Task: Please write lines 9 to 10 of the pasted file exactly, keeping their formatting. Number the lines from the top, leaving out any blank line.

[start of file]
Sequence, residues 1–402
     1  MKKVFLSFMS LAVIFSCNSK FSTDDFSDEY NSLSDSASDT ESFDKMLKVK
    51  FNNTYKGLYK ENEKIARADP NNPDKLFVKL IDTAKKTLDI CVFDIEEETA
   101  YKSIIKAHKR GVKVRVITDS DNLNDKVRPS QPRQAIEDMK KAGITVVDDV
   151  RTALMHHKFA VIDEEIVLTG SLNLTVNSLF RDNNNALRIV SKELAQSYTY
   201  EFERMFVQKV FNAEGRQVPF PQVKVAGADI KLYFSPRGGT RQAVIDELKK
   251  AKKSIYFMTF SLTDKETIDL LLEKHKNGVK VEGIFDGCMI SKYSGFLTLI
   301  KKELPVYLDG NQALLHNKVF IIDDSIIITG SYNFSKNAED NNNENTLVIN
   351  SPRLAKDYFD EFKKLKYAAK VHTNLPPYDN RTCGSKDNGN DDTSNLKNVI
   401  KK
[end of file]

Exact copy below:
   351  SPRLAKDYFD EFKKLKYAAK VHTNLPPYDN RTCGSKDNGN DDTSNLKNVI
   401  KK